Rodney Childers will make his 600th race as a NASCAR Cup Series crew chief this weekend at Talladega Superspeedway.
Childers, co-driver of the No. 4 Stewart-Haas racing team with Kevin Harvick, began his career in 2005. Childers, one of the most decorated team managers in the garage, has 40 career wins and a Cup Series championship. Most of his success came with Harvick (pictured above, with Childers)with whom he was paired in 2014.
In all, Childers worked with eight different drivers and won with three of them.
“When you’re first starting out in this sport and trying to work your way up, you just never know where you’re going to end up, how it’s going to go and what opportunities you might get,” Childers said. “To look back on it and say you drove a crew in 600 races in the Cup Series is kind of crazy. Everyone goes through ups and downs and you wonder what will happen next. I think everybody knows that my career definitely changed when Kevin wanted me to do it and for me to be able to do it for a long time and win a lot of races and all of that was pretty special.”
Childers started with Scott Riggs in 2005 and also worked with Patrick Carpentier and Elliott Sadler in the early stages. In 2009, Childers won his first race as crew chief with David Reutimann. The duo won another race in 2010.
In 2013, Childers led Brian Vickers and Michael Waltrip Racing to victory. The team folded at the end of the season, and Childers was selected by Harvick as team principal when Harvick moved to Stewart-Haas in 2014.
“I remember when I was younger, when I first started playing the sport, people loved Rusty [Wallace] and different people making their 600th start, you’re like, ‘Damn, they’ve been doing this for a long time,'” Childers said. “Now it’s coming to fruition for me, and it’s like, ‘Man, it’s definitely been a while,’ but at the same time, it just flew by. It will definitely be special to be able to do that. I plan to take my family there.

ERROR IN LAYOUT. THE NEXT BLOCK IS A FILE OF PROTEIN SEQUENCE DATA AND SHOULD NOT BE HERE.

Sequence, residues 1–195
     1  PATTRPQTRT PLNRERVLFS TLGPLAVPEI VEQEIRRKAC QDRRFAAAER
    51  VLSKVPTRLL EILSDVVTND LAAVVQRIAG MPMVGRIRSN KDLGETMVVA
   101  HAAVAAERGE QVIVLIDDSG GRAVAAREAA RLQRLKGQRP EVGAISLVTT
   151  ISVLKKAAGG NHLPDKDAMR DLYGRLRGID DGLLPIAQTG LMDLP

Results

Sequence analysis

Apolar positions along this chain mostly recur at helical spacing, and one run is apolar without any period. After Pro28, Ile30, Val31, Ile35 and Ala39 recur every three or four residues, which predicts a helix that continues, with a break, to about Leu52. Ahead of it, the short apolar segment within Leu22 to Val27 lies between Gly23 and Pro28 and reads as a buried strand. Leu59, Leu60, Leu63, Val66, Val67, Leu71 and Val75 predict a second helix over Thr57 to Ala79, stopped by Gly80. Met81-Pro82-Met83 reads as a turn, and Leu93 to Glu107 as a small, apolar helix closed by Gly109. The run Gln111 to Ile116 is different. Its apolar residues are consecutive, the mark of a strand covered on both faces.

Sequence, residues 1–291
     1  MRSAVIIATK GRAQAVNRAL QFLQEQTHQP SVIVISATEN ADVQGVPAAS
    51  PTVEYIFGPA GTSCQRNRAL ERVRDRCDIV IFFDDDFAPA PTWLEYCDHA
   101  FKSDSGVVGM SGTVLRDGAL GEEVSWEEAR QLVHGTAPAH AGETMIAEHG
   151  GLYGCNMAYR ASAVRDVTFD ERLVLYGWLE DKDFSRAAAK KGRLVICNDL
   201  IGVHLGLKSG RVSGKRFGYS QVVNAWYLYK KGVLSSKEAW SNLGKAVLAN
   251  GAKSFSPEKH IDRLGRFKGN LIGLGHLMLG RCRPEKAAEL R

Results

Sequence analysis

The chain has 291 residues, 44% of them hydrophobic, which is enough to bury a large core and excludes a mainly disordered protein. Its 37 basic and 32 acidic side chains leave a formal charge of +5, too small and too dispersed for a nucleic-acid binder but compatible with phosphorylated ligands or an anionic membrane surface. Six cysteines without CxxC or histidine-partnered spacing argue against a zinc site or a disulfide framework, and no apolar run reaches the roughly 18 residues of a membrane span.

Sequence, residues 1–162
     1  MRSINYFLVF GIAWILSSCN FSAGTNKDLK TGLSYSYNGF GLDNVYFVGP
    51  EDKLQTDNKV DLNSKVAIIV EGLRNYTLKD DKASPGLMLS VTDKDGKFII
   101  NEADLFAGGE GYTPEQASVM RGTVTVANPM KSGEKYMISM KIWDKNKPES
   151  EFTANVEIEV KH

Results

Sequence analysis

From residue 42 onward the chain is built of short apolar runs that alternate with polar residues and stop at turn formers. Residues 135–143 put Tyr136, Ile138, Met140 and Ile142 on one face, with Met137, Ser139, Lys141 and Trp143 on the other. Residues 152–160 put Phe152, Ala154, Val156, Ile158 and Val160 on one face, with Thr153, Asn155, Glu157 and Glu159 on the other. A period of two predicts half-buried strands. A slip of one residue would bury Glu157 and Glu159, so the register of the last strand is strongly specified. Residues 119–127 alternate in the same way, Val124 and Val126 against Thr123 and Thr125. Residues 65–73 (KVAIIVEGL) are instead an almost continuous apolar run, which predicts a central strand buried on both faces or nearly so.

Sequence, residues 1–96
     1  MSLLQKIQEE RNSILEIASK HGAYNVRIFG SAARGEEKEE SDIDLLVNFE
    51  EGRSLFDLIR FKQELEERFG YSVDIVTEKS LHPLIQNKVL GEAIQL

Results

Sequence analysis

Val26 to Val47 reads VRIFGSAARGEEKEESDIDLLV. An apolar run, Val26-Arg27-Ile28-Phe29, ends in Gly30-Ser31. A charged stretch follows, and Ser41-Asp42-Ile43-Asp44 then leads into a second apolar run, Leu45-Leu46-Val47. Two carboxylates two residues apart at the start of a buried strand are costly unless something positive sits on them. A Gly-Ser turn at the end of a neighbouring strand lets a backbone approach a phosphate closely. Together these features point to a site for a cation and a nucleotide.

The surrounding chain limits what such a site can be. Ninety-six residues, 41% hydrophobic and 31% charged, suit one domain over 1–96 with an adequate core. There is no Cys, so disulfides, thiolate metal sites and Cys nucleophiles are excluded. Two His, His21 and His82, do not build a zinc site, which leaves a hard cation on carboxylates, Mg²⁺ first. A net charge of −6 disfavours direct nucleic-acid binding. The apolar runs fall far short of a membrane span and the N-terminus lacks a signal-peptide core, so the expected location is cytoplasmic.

“It’s kind of weird how it all worked out because the boys were born in Talladega over the weekend and I had to get on a plane and try to get to the hospital before they were born. It’s just crazy how it all worked out and I’m so lucky to be able to do it for so long. It feels like it flew by and you don’t realize what you’ve achieved and what you’ve done. It’s just hard to put into perspective doing anything differently, either. It’s like everything I’ve ever done. It’s pretty neat to get to that 600 mark, probably.”
Childers and Harvick combined for 37 wins over nine seasons. They won the championship in the first season of the knockout format (2014). In nine seasons, they never made the postseason.
“It’s always better to have a longer relationship than trying to fill in the gaps with people every three or four years, because it’s just hard to find someone you trust,” Harvick said. “It’s hard to find someone good. I guess history speaks for itself at this point.”
Despite being the same age, Childers and Harvick are polar opposites. Childers is very calm and quiet, while Harvick describes himself as rambunctious and full of excitement. But the veteran driver believes it’s a good balance for both.
Childers and Harvick are among the longest serving crew chiefs and drivers in the Cup Series. Sunday will be their 314th race together, placing them eighth on the all-time list behind Richard Petty and Dale Inman (905), Jimmie Johnson and Chad Knauss (602), Tony Stewart and Greg Zippadelli (356), Brad Keselowski and Paul Wolfe (317).
Of the seven couples ahead of them on the list, Childers and Harvick are the only ones still together and competing.
“I think a lot of it just comes down to knowing that we know that each of us can do the job, and we believe in that and in each other, and a lot of it comes down to conversations, being able to communicate,” said Harvick. “We communicate well, and I think that’s what makes a good couple, being able to talk and communicate and put those conversations into action. And when you’re wrong, realizing that you’re wrong and working on it so you don’t hurt anyone’s feelings and start pointing fingers. That’s what made it work.”